Decision details


Decision status: Recommendations Approved

Is Key decision?: No

Is subject to call in?: No


Councillor Pringle asked the following question in writing to the Leader of the Council:


Protection of EU citizens’ rights in Dacorum 


In view of recent advice to the government, as outlined in House of Commons Library briefing paper No: 8772 (Annex 1 below) and the deadline for EU citizens to apply for settled status being just 18 months away (Annex 2 below), does the Leader agree that it is incumbent on all levels of government to take responsibility for assisting EU citizens who have built their lives in the UK?


Does the leader agree that DBC should be doing all we can to ensure those EU citizens resident in Dacorum can optimise their opportunities of successfully apply for settled status rights.


In particular:


1.    Will the Leader ensure that Dacorum Borough Council will take all reasonable and necessary steps to assist EU citizens resident here, particularly the vulnerable, with applications for settled status?


2.    In particular, will he pledge to introduce the following measures:

1.    Immediately provide easily accessible information and support to EU citizens on the DBC website. This would include a letter from the Leader to EU citizens outlining in plain language that EU citizens are welcome in Dacorum and the support that they can access in applying for settled status (such as the example set by the leader of Vale of White Horse District Council Annex 3) and links to government information.


3.            Set up an urgent review of services to consider how DBC can further offer support to EU citizens in Dacorum in terms of:

1.    Helping with process

2.    Providing additional resources necessary, such as computer terminals in libraries for those who do not have the app

3.    Fast tracking requests for evidence of residence in Dacorum to support Settled Status applications and training staff to proactively assist such applicants

4.    Training staff to generally support and advise residents making such applications

5.    Commit to providing the funding necessary to reach out to vulnerable groups, such as

1.    providing grants to outreach groups and

2.    ensuring all DBC staff who work with the elderly, the homeless and residents with other vulnerabilities are trained in proactively offering appropriate support and identifying and supporting those at risk of failing to apply for settled status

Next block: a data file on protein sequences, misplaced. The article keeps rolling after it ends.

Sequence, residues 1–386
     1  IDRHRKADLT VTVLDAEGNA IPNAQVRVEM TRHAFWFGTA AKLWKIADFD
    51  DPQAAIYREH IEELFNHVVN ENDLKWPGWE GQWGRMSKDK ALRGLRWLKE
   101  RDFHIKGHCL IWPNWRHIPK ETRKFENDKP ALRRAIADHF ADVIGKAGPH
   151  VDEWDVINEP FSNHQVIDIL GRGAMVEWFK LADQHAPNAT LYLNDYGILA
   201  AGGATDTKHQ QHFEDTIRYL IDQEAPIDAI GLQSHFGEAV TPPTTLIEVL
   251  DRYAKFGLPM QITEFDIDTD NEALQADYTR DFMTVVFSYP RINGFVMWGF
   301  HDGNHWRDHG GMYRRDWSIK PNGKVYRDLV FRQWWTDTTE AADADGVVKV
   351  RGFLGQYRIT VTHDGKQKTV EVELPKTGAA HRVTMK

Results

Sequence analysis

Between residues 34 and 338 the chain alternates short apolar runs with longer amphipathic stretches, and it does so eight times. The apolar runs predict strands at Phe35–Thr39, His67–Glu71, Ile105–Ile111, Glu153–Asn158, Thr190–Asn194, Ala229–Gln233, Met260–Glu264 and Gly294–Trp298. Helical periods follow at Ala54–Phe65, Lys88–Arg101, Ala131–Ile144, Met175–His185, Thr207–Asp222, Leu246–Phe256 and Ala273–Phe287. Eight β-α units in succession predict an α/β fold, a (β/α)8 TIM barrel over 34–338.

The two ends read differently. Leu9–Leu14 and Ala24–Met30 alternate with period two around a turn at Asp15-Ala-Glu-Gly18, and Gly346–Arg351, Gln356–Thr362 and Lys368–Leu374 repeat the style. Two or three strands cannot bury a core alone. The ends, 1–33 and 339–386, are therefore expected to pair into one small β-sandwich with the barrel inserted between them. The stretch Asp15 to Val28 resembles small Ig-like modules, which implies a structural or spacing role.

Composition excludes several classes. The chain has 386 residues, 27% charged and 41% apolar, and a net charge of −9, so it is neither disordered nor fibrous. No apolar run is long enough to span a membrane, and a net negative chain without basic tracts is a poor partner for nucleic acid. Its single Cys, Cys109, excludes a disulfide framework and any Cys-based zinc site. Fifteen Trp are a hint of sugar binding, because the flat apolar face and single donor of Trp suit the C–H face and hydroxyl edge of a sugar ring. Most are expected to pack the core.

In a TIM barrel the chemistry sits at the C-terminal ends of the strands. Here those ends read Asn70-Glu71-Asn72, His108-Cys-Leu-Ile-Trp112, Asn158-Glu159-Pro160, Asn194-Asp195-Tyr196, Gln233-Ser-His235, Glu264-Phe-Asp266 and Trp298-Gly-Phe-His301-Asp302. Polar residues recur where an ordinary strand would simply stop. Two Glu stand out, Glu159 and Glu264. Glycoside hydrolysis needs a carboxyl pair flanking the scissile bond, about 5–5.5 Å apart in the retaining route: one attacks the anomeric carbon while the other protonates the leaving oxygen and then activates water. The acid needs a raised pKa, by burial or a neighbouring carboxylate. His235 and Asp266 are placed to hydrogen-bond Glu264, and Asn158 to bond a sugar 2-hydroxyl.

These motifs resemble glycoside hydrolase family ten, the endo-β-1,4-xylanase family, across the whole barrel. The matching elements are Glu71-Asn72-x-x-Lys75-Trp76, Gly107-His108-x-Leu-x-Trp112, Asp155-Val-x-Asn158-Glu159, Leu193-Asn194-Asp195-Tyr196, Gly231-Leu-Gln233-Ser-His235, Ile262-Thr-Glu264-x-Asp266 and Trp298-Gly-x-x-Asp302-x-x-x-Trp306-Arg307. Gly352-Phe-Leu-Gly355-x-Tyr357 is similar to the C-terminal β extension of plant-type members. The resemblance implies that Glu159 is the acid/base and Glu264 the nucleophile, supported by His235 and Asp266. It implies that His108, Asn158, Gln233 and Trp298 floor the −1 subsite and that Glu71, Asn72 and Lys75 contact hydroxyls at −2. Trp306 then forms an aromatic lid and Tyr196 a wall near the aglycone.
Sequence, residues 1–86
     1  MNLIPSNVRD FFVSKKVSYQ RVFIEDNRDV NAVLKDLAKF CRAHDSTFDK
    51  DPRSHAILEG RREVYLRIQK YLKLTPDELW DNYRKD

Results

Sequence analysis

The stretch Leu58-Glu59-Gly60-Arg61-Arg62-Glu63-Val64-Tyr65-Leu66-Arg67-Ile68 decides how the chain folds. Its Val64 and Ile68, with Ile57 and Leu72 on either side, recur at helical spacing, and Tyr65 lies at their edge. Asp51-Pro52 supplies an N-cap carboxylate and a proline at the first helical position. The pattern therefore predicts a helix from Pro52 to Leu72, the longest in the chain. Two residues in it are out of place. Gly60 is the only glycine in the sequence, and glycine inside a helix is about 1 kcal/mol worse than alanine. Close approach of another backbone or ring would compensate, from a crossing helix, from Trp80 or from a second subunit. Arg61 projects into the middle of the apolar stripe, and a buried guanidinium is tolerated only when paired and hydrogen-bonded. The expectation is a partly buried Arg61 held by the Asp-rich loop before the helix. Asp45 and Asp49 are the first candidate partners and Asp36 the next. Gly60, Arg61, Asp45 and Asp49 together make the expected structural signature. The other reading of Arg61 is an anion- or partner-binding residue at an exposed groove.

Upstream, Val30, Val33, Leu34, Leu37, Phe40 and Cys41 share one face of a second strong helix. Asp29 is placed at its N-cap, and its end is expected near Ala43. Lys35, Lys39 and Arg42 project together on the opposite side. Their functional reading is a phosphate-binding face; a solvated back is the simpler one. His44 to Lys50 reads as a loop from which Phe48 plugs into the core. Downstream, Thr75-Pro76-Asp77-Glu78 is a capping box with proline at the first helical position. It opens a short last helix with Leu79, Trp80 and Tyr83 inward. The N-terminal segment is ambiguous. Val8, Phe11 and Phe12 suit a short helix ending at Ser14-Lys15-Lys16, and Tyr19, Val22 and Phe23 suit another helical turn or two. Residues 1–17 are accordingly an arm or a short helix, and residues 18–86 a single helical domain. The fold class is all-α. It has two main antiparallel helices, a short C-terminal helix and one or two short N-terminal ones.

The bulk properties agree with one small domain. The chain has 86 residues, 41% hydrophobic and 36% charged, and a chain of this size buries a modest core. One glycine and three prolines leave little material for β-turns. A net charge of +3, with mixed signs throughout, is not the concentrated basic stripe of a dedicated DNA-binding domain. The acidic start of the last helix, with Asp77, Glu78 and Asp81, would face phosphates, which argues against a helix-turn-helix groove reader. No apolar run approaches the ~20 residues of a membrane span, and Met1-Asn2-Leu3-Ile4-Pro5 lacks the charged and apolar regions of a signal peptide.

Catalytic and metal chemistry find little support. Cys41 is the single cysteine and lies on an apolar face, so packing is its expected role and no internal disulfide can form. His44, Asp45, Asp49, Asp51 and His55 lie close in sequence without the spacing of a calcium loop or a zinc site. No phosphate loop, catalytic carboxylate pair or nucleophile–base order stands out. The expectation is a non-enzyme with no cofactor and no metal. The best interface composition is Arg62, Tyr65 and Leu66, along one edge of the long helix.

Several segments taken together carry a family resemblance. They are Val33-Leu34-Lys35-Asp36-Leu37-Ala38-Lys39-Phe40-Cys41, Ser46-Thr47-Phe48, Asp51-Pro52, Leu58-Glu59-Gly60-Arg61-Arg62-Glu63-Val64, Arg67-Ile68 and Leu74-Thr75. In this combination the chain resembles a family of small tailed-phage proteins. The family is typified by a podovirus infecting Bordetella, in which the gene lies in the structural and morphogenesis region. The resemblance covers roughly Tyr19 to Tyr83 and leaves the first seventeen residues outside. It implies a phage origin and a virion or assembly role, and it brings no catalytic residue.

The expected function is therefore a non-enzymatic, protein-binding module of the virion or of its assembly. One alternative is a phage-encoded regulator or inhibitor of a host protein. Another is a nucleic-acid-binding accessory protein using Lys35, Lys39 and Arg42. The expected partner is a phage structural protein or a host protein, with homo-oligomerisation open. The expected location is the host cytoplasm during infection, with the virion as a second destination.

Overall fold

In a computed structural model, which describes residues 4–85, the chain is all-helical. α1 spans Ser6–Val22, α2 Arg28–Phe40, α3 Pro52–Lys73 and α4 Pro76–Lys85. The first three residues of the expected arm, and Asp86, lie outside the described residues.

Extract 1 from Briefing Paper No:8772 House of Commons Library

Commons Library Briefing, 3 January 2020


“The Home Office is undertaking a range of outreach and communications activities targeted towards EUSS applicants. But it has been estimated that about 30% of EU citizens may struggle with the EUSS application process, whether due to a lack of awareness of the scheme or difficulties making an application or proving their eligibility. They are therefore particularly vulnerable to losing their status and entitlements in the UK. Groups identified include the elderly, people with limited English, children and young people in the care system, homeless people, people who arrive soon before the deadline and people in casual employment.8


Another major concern the 3 million have is that the government has rejected calls to issue physical proof of status documents to people who successfully apply to the EUSS. Instead, they receive a digital status”




Extract 2 from Briefing Paper No:8772 House of Commons Library

Commons Library Briefing, 3 January 2020


2.3 Deadline for applying to the EUSS

Clause 7 allows Ministers to make regulations specifying a deadline for applications to the EUSS. The WA states that the deadline cannot be less than six months after the end of the transition period (therefore, 30 June 2021, unless extended). The government has been criticised for not setting out in any detail its intended approach towards people who miss that deadline.




Sample letter from Leader of Vale of White Horse District Council




The Leader of the Council answered each point in turn:


DBC has a permanent webpage and this provides a single source of guidance and the most up to date information to leaving the EU. He said he appreciated that you could only find this information if you type ‘Brexit’ into the search bar so they are looking at ways to make this information more accessible.


He said they were in the process of writing a leaflet to go in with all the new council tax bills for every household in Dacorum. He proposed that we include a section in the leaflet on this subject.


He explained that CSU had computer terminals for residents, as does the Libraries across the Borough.


The nearest assisted verification service for Dacorum residents is located in Vicarage Road, Watford.


The most common document to be requested from us is council tax bills and we aim to have a turnaround of 14 days.